Since 2006, the first season at the Chamber Music Society fully programmed by David and Wu Han, the month of December has provided a multi-concert Baroque Festival for the enjoyment of listeners hungry for celebratory music during the holidays. This year the festival offered not only the annual Baroque Collection program – an eclectic selection of baroque repertoire from across the geographic and stylistic spectrum – but also a stunning recorder program by the Danish virtuoso Michala Petri, and four performances of the Bach’s beloved Brandenburg Concertos.
in David’s words…
“Would they like to have more of it?” was the question we asked back in 2004, when we were told that since 1994, Alice Tully Hall has been sold out every season for two performances of the Brandenburg Concertos. A study of the Society’s first two decades revealed frequent and diverse baroque repertoire appearing throughout the season, and somehow over the years the amount of it had diminished to the point where practically the only baroque works being presented were the Brandenburgs. We decided to resurrect and re-imagine the early CMS tradition of baroque performance by creating the first Baroque Festival in the 2006-07 season, to see if the interest in music of the baroque was actually wider than just the Brandenburgs. Sure enough, it was. The first Baroque Festival sold out and has continued to do so ever since. The festival is now something we can truly call annual (as we called it on faith the first year!) and there seems to be no end to the programming possibilities, or to the audience’s curiosity.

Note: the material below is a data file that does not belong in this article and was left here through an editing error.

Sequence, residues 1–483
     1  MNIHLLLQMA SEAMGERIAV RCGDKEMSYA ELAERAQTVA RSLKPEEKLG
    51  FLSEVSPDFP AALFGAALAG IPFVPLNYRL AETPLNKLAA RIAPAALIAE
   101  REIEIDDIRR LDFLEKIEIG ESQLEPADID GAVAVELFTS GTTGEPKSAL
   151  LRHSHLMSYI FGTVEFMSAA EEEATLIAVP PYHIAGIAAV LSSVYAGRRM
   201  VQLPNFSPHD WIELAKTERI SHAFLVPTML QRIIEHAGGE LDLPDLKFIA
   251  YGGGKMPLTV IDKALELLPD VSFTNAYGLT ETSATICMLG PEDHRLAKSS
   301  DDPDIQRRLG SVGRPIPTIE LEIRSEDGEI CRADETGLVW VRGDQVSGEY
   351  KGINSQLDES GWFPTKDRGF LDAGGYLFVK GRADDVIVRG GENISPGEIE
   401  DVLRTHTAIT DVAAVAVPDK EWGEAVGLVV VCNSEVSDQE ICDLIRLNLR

After the pair of Collection concerts on December 4th and 6th, which featured music of Biber, Vivaldi, and many others, we were stunned, along with everyone else, by the much-anticipated debut at CMS of Michala Petri on December 8th. The world’s reigning virtuoso of the recorder performed, flawlessly, a 2+ hour program of some of the most dazzling repertoire we’ve ever heard. Backed by her husband, archlutenist Lars Hannibal, and a small band of CMS musicians, she played recorders of all sizes in music of Bach, Telemann, Vivaldi, Sammartini and others, which brought the sold-out crowd to its feet, demanding encores. In the wings, I greeted violinist Cho-Liang Lin as he came off stage with a stunned look: “I really don’t understand how she does it” said the equally gifted virtuoso of his instrument.
After the concert, Wu Han made a flowery and diplomatic bi-lingual speech in the Hauser Pavilion to a large delegation from the Taiwan embassy which had attended the concert. She introduced CMS Board Chair Peter Frelinghuysen to the dignitaries, who were more than thrilled to see the Taiwan-born Wu Han at the helm of the ship, especially in the Society’s truly glamorous new venue.